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Antiques & Collectibles: Imperial vase fetches record royal sum

Chinese Imperial Qing dynasty vase sold for a record-setting $24.7 million at Skinner’s Asian Works of Art Auction this month. Handout

The monumental Chinese Imperial Qing dynasty vase that sold for
$24.7 million at Skinner’s Asian Works of Art auction set a record not only for the top grossing lot ever sold in New England but also for Chinese art sold in the United States.

The 18th-century vase of the Qianlong period also surpassed every object sold at this month’s Asian Week auctions in New York.

The nearly 3-foot multi-tiered baluster-form flower and landscape-decorated vase, which sold in 1964 for $750, was from a New England collection.

“The vase is a tour de force of Chinese ceramic techniques, and it is believed the emperor ordered it to be made,” said Judith Dowling, director of Skinner’s Asian Works of Art department.

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She estimated the vase conservatively at $150,000-$250,000 because of damage that had occurred over the years.

Similar to a vase in the collection of the National Palace Museum in Beijing, it bears the seal mark of the Qianlong emperor whose reign (1736-95) was considered the golden age of porcelain production in China.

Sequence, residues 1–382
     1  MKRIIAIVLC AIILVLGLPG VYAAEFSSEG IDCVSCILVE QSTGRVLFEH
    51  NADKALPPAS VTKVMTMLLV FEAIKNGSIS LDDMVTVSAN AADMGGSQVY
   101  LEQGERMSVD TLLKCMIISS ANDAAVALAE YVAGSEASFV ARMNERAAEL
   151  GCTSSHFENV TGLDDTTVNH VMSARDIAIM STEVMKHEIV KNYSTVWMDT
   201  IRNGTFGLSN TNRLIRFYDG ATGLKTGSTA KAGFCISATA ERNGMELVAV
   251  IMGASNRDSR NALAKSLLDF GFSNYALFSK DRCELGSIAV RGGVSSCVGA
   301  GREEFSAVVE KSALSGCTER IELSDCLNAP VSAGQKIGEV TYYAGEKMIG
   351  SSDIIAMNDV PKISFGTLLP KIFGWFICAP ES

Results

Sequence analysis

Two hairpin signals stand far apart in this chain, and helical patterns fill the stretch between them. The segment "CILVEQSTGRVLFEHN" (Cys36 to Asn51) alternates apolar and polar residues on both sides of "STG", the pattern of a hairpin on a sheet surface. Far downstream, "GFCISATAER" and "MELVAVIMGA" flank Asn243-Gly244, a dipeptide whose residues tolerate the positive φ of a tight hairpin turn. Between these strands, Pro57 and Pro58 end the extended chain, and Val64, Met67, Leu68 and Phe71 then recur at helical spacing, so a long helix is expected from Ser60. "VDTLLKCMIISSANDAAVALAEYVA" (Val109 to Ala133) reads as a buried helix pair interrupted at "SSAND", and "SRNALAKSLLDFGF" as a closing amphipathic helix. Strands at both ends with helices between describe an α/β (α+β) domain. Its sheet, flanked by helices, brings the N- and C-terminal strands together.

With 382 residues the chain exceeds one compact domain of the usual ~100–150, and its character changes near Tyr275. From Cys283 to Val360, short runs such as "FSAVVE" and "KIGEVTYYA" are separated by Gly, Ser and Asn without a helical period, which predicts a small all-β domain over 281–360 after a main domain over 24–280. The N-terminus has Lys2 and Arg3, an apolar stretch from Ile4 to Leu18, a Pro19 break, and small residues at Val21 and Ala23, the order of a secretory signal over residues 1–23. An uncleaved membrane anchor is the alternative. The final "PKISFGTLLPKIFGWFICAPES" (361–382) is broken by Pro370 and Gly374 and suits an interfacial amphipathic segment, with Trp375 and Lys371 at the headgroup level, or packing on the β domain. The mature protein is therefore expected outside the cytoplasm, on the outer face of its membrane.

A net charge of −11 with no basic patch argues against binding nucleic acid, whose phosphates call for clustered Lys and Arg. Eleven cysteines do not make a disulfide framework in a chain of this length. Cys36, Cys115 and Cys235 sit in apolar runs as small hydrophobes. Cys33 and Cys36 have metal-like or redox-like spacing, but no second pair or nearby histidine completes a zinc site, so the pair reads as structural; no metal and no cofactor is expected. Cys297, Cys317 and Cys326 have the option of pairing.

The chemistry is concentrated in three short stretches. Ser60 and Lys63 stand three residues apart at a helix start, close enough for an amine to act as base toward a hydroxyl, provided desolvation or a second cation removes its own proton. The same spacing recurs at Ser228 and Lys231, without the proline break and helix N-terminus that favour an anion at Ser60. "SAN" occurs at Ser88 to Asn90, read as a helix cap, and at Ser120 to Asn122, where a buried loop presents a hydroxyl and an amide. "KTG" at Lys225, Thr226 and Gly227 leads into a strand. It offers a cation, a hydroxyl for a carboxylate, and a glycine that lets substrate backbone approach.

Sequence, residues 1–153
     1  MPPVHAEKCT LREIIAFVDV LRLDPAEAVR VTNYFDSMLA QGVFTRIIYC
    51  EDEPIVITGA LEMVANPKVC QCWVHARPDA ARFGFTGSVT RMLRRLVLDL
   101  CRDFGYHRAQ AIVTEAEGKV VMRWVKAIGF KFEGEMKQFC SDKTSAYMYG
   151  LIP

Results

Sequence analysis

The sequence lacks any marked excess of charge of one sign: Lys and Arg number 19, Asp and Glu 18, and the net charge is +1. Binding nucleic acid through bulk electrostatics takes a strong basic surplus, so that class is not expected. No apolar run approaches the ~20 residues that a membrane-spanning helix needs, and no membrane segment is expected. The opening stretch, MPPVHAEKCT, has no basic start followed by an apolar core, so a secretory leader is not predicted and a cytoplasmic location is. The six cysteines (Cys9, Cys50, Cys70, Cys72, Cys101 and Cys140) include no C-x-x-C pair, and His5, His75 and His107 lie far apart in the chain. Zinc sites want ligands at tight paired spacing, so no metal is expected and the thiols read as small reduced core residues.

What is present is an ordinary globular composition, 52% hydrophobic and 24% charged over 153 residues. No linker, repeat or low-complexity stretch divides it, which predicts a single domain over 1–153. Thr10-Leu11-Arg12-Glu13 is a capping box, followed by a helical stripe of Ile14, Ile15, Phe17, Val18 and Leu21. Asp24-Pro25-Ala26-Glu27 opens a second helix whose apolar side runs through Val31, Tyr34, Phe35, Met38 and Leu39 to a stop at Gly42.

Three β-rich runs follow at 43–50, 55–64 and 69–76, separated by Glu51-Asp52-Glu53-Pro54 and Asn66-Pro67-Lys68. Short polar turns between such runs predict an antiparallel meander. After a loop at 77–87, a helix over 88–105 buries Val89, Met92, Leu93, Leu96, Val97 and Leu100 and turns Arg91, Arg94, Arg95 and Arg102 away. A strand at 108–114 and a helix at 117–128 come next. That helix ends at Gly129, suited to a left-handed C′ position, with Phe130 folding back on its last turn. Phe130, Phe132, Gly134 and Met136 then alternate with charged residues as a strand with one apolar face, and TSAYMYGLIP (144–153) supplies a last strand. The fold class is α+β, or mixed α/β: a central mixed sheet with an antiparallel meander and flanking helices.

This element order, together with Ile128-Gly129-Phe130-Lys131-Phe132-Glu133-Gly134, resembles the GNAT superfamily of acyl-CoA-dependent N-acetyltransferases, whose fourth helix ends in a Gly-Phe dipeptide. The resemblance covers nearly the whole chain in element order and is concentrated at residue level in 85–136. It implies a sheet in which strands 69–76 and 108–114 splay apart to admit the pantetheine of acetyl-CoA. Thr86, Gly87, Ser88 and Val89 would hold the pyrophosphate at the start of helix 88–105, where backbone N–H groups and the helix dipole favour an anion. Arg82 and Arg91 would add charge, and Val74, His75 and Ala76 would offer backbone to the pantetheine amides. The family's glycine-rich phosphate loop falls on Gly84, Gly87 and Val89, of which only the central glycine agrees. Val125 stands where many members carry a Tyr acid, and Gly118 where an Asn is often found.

The palace in Beijing’s Forbidden City, occupied for over 500 years by the Ming and Qing dynasties, became a museum in 1925, at which time the vase may have been in the museum’s imperial collection, possibly as a mate to the one now there.

In 1933 after the Japanese invasion of Manchuria, many of the treasures were moved south to Nanjing, then the capital of the Republic of China, for safekeeping.

After the Japanese surrender in 1945, most of the treasures were returned to the museum, but in moving between the two sites some of the treasures found their way into Western collections. It may have been then that the vase came to this country.

Its provenance includes Ton-Ying & Co., which was established in 1902 in Paris by a Chinese diplomat serving in France. The company, which imported works of art, tea, and silk from China, later opened a branch in New York.

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Prior to the Qing vase going on the block at Skinner’s Sept. 17 Boston auction, it had been shown in a preview at the start of New York’s Asian Week, adding to the growing interest in it.

A large number of Chinese collectors, some of whom had flown here for the sale, were in the packed room when the auction began and competed heatedly with bidders there and on the phones.

Most of the bidders rose to their feet when the vase soared past the $10 million mark, and when the hammer fell on the final bid there was a round of applause. The winning bid was placed by a Chinese collector in the room.

The second top-selling lot was a late Ming dynasty bronze covered censer that brought $243,000, which was nearly 30 times above its $8,000-$10,000 estimate. It also went to a Chinese buyer.